Each one teach one – SAFE poised to build on the success of their remarkable farm management training programme

Following on the remarkable success of the initial management training courses at SAFE, the programme is now set to be rolled out to all SAFE farms.


CAREER: Every employee at SAFE has an opportunity to develop management skills to enhance their career. Promoting from within has been great for staff morale.

The courses are aimed at junior to middle management farm workers and are open to any farm employees with potential who show a willingness to improve their leadership skills. Managers who want to refresh their skills are also invited to attend the courses.

Four beneficiaries of the first round of training are already employed as team leaders at SAFE’s Marblehall farm and two “graduate” employees are in management positions at Hoedspruit.

Speaking after the initial success of the first courses, Rian du Toit, SAFE Group Manager for Human Resources, who initiated the groundbreaking programme, said there will be slight changes to the course as not all farms are at the same level of development.

“What has, however, been very clear is that it is critical that we create an environment of trust where all candidates including members of the current management team can participate freely.

According to Dries van Rooyen, General Manager of Farming Operations at SAFE, training managers from within – offering existing experienced staff the opportunity – makes perfect sense. “They have been working on these farms for years so they can bring valuable insight to their work that a new manager “parachuted ” onto the farm from outside is not able to do.

“As an added bonus for SAFE the courses are great for morale on the farms, building loyalty to the company and delivering good results. Farm workers can see that there is a real future for them at SAFE. ”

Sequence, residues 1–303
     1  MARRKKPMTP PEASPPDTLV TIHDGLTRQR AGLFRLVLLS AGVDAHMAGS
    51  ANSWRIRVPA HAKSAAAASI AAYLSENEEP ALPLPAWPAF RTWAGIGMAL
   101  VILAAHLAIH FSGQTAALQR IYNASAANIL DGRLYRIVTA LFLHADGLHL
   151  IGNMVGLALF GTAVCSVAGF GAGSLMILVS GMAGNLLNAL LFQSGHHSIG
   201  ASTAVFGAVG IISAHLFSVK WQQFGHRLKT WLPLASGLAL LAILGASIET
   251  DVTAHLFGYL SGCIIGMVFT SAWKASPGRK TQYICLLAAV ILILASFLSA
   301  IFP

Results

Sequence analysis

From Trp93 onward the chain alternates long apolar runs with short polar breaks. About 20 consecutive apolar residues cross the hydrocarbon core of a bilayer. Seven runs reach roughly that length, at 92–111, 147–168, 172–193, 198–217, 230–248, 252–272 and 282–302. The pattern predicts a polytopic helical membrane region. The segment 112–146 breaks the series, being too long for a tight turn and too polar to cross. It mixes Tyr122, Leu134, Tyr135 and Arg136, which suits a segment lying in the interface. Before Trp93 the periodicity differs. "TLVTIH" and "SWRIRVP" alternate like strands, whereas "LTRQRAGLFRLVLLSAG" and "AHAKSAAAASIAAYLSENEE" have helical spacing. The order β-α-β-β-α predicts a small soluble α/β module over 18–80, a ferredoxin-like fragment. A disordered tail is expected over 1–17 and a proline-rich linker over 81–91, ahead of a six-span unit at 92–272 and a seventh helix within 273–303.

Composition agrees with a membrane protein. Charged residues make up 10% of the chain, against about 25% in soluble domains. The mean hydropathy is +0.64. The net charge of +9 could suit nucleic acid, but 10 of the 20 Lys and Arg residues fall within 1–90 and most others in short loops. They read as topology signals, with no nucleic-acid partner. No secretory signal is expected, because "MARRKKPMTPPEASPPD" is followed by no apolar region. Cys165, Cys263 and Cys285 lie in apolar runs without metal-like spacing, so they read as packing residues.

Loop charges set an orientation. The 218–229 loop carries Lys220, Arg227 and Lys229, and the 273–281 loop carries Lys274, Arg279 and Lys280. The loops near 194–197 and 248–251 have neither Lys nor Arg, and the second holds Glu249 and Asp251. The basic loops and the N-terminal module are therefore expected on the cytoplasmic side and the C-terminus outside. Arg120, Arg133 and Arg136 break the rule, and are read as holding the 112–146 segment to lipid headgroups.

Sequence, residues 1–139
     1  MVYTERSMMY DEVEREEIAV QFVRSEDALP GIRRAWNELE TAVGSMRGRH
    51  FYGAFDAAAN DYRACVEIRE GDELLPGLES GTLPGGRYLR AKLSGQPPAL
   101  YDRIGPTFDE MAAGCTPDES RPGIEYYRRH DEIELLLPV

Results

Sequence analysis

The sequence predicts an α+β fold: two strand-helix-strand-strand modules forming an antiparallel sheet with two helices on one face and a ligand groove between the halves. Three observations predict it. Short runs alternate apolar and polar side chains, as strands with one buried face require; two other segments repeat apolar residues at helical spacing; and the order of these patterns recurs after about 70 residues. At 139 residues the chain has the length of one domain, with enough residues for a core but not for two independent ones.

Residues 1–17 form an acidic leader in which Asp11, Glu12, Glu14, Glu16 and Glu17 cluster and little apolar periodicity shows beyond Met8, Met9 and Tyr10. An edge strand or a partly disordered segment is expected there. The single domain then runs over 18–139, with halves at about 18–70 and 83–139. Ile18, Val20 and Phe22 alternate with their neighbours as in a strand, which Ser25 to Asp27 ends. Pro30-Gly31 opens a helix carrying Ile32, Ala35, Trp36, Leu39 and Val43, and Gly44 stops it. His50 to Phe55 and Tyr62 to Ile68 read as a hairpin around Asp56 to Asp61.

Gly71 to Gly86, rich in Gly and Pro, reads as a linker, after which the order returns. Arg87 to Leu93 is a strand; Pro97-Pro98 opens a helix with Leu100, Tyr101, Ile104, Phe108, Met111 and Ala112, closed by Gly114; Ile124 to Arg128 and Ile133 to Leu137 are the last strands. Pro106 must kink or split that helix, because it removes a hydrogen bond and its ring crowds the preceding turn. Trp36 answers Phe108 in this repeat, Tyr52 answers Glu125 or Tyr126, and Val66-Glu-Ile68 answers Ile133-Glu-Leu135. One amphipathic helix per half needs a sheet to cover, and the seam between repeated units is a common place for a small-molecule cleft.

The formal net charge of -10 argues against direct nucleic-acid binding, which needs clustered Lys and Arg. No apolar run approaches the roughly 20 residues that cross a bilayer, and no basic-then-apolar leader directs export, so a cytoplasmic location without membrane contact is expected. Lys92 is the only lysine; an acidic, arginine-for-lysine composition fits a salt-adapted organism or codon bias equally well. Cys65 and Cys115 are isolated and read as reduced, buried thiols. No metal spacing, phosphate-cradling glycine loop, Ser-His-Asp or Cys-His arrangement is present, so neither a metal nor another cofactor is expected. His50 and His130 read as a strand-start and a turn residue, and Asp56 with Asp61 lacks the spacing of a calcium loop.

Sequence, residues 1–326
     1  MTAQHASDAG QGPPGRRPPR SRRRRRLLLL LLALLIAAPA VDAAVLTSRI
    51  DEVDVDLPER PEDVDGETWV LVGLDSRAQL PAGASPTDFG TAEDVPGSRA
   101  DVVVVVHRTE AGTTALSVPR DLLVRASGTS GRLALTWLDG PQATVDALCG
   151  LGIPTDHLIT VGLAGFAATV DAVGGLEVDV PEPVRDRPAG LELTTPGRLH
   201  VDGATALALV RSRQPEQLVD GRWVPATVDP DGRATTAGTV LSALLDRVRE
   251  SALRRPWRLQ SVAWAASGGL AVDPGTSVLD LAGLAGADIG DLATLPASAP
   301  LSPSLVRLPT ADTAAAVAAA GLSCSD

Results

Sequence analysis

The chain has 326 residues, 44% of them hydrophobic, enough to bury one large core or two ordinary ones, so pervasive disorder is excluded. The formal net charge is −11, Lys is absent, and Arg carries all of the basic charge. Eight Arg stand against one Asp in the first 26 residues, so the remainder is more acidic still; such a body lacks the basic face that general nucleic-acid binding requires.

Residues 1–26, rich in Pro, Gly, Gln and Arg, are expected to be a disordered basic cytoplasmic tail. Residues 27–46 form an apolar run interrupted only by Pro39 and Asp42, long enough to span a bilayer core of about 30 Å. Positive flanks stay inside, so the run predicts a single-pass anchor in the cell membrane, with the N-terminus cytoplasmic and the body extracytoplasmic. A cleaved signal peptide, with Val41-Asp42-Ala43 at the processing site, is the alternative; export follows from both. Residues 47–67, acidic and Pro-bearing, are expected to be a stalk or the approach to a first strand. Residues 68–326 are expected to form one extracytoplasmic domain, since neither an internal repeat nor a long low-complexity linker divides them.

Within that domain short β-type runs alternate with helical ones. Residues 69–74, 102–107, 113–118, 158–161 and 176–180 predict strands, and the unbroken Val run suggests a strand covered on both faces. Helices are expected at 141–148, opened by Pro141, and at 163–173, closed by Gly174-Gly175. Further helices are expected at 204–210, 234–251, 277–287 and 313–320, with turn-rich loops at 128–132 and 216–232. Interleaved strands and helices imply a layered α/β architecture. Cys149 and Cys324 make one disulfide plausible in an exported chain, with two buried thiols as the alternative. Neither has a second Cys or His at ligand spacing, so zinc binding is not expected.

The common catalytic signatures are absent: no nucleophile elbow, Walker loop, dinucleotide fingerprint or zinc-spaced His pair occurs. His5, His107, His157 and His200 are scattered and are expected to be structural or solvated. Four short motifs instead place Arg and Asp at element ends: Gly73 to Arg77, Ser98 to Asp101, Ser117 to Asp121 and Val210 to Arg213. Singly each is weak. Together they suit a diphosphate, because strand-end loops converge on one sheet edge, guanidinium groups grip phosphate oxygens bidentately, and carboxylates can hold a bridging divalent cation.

SKILLS DEVELOPMENT: Intensive training to promote experienced staff to management posts is paying big dividends at SAFE says Rian du Toit.

None of their initial candidates have failed the course, says Rian. “Trainees are assessed on a continuous basis and we have not yet experienced a single drop out.

“We are also very pleased that the response has been extremely positive and spirits are high. What is abundantly clear is that we have not yet come to understand the full value that the programme is having on our employees and their loyalty to, and support for, SAFE.

“I believe that we are instilling the belief that working at SAFE is not merely a job. Our workers now know that if they show initiative, they have  the opportunity to develop a career with us.”

The courses are registered with the AGRISETA, the sector education and training authority for the agricultural sector. They are designed to include people with no education at all, those who are illiterate and those who have some education. They are conducted on the farms during “low” season when farm workers are not fully engaged in planting, harvesting or other critical farm work.

According to Rian, SAFE has a progressive approach that empowers the people employed by the company to grow and develop their skills. The training programme comprises technical and people management components with experts being called upon to explain and illustrate the farm activities as required. “Preferably the actual activities on the farm at the time of the training should be mimicked in the training,” says Rian.

Certificates are issued to those who complete the programme.

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